…A fair question, to be sure. The answer, however, is quite simple: I’m in food and ag because of labor issues and worker rights.

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Diving In: The Corporate Water Footprinting Conference

David Lewbin
| Tuesday December 1st, 2009 | 9 Comments

water-footprintThe second Corporate Water Footprinting Conference splashes down in San Francisco this December 2-3 and I’ll be there to report on how companies such as Patagonia, Pepsi, BC Hydro, Raisio, and Intel are addressing water risks and opportunities in their operations and to their brands. The other two primary H2O stakeholder groups; government agencies and NGO’s, will also be active participants.  I am eager to see how transparency, innovative technologies, and creative partnerships are contributing to triple bottom line solutions including environmental stewardship, economic value, social responsibility, and cultural vitality.

As you may have noticed, water is becoming an increasingly important concern within both the private and the public sector. Type “water crisis” in your favorite search engine (Google turned up 35,700,000 entries) and you’ll see why.  Briefly, here’s the water picture:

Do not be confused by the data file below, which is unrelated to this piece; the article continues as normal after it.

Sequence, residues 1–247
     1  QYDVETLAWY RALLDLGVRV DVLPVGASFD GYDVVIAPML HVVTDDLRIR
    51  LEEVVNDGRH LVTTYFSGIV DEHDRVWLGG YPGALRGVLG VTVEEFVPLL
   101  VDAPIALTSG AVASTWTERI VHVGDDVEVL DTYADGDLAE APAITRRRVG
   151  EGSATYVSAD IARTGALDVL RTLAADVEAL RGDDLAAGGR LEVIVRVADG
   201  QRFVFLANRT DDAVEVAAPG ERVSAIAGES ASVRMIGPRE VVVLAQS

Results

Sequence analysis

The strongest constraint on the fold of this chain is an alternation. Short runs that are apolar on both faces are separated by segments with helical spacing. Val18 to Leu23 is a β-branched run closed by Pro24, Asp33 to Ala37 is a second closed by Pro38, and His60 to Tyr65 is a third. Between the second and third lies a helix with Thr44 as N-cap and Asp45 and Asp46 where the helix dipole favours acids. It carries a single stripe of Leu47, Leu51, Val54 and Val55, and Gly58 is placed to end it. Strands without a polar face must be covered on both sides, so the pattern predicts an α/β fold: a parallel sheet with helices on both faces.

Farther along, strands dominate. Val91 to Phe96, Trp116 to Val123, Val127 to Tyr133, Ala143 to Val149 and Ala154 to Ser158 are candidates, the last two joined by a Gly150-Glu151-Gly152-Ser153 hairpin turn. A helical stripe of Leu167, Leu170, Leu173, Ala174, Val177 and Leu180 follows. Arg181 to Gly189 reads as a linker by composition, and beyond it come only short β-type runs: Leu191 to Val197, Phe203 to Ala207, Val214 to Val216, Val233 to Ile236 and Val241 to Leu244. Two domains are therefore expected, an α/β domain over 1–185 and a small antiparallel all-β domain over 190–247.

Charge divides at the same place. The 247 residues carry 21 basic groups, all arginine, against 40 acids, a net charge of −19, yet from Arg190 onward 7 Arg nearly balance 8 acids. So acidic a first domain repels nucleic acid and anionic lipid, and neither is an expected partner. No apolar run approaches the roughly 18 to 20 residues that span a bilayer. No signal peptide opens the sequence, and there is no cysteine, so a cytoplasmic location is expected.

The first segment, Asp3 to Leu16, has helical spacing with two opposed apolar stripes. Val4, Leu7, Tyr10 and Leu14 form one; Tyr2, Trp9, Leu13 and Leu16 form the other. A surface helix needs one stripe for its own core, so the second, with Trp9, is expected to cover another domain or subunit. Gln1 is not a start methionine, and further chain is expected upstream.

Globally, less than 1% of the world’s fresh water (or about 0.007% of all water on earth) is readily accessible for direct human use. Human population is forecast to increase from 6.5 billion to 9.1 billion by 2050. This population growth – coupled with industrialization and urbanization – will result in an increasing demand for water in all sectors. Depending on the country, roughly 70% of total water consumption is agricultural, 20% industrial, 10% domestic, and 4% evaporation from storage. According to a 2008 UNICEF/WHO report, 884 million people lack access to safe water supplies (approximately one in eight people) and 3.575 million people die each year from water-related disease. Global climate change symptoms like reduced snow pack, increased glacial melt, and extreme weather patterns are forecast to throw additional fuel on the proverbial fire that is the water crisis.